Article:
LORD  BYRON  and  his  TIMES
Documents Biography Criticism
John Galt
Galt’s Life of Lord Byron.
New Monthly Magazine  Vol. 27  (October 1830)  386-87.
Licensed under a Creative Commons Attribution-Noncommercial-Share Alike 3.0 Unported License.
Produced by CATH


New Monthly Magazine.

October 1, 1830.


To the Editor of the New Monthly Magazine.

Sir;—It has been a rule with me not to notice, publicly, either favourable, ignorant, or malicious criticism, but only when error has been pointed out, to make the necessary corrections. On the present occasion I am induced to deviate from this rule, out of personal consideration for Mr. Hobhouse, the Member for Westminster, and the friend of Lord Byron, and accordingly I request a place in your journal for the following remark.

John Galt, Life of Lord Byron

Mr. Hobhouse has informed me that I have done him wrong in conjecturing that he was probably the critic who opposed the first publication of Childe Harold. (See Life, p. 161.) The conjecture was founded in believing him to have been in the entire confidence of his Lordship. Lord Byron told me himself at Athens that he had not then shown the manuscript to any person. Mr. Hobhouse says that he had left Lord Byron before be had finished the two cantos, and, excepting a few fragments, he had never seen them until they were printed. An inscription on the manuscript has been preserved, and in his Lordship’s handwriting, viz. “Byron, Joannina, in Albania, begun October 31, 1809, concluded Canto II., Smyrna, March 28, 1810. Byron.” Mr. Hobhouse was with his Lordship long after the latter date.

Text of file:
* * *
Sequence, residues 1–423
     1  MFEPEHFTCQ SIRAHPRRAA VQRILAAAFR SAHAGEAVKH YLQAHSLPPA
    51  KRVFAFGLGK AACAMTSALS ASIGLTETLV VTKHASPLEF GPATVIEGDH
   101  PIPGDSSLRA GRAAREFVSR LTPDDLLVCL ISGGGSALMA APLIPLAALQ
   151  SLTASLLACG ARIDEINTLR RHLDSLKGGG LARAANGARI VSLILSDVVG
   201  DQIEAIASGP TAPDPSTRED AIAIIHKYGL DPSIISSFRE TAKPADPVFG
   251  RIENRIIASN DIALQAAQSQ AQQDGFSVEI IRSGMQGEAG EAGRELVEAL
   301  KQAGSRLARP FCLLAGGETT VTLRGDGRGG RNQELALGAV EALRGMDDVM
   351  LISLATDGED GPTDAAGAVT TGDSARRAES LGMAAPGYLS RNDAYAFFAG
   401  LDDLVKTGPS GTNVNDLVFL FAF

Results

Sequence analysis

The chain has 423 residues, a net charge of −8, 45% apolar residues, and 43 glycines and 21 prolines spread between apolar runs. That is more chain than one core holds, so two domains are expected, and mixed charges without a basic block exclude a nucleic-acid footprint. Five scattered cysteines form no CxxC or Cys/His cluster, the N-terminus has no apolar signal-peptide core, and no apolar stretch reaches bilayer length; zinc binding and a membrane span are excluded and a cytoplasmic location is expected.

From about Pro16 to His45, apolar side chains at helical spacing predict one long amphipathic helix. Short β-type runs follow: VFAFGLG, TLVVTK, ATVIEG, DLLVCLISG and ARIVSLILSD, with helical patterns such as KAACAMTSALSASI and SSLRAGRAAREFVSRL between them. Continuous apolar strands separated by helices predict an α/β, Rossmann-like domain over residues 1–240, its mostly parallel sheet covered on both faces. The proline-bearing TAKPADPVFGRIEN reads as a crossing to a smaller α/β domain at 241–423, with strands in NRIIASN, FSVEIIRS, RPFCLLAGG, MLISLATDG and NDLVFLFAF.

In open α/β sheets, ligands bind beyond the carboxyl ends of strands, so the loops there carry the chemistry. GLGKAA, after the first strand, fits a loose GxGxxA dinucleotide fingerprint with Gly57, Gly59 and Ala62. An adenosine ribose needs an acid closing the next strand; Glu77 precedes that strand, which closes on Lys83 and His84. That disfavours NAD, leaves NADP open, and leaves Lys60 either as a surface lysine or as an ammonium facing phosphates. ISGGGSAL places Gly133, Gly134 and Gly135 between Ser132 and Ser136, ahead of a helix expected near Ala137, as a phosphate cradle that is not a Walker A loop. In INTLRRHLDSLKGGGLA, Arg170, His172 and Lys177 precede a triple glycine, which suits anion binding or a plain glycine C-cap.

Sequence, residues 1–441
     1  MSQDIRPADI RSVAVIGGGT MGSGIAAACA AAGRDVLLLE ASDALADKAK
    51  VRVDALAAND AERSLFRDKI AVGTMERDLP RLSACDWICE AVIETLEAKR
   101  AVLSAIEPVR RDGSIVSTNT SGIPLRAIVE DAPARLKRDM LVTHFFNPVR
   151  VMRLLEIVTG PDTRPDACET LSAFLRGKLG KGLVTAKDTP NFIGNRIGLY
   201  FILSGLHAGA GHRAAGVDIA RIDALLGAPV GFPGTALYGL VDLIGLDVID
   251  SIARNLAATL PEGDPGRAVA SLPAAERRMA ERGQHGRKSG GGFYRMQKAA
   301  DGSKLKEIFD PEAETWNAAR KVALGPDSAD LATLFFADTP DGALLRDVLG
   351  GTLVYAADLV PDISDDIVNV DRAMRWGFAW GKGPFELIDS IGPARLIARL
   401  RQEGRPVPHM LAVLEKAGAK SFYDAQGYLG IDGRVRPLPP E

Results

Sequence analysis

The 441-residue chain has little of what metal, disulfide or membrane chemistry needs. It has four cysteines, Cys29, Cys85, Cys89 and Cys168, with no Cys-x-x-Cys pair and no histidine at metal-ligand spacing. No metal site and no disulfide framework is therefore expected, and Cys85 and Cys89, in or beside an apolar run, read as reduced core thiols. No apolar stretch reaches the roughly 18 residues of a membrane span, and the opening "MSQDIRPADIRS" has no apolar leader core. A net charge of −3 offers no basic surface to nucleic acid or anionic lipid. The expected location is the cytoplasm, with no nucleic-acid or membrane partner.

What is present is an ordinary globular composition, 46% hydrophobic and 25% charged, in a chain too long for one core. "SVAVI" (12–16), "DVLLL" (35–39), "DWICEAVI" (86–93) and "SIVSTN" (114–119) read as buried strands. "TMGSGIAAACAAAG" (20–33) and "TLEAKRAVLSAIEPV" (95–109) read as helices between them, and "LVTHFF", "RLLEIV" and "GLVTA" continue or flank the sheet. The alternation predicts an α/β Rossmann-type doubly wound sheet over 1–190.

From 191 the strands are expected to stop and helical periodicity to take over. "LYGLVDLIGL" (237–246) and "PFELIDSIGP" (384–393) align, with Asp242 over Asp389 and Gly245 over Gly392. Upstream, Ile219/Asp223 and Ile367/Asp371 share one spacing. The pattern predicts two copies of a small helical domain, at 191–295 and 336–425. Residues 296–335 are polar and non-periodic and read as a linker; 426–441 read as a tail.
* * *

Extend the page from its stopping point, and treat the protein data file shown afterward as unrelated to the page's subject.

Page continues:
John Galt, Life of Lord Byron

At page 212, I have quoted from Medwin that Mr. Hobhouse was with Lord Byron and Shelley in a boat, &c. It seems Mr. Hobhouse was not there; his name, therefore, should have been omitted by Captain Medwin. At page 211, I have stated what I think of Captain Medwin’s work, and in my preface have alluded to a suppressed pamphlet which was not seen by me until after my opinion had been printed.

Mr. Hobhouse says that the verses which have always been considered as the last Lord Byron ever wrote, were not so, and that my version of them is not correct in nine different words. To this I can only answer that they were copied from a printed copy, having no other, (I believe the Parisian edition of Byron’s works,) and that I still cannot say what corrections should be made. If Mr. Hobhouse be engaged on any illustration of Byron, he will, of course, mention what edition should be preferred.

I take leave on the present occasion to say that, having long considered Lord Byron as a public man, in writing his life, it seemed to me that I should confine myself to what had been already given to the world concerning him, authenticated with so much of what I knew myself to be correct, as would enable me to furnish the grounds on which I formed my notion of his Lordship’s character. By adhering to this principle nothing improper could be done to his memory.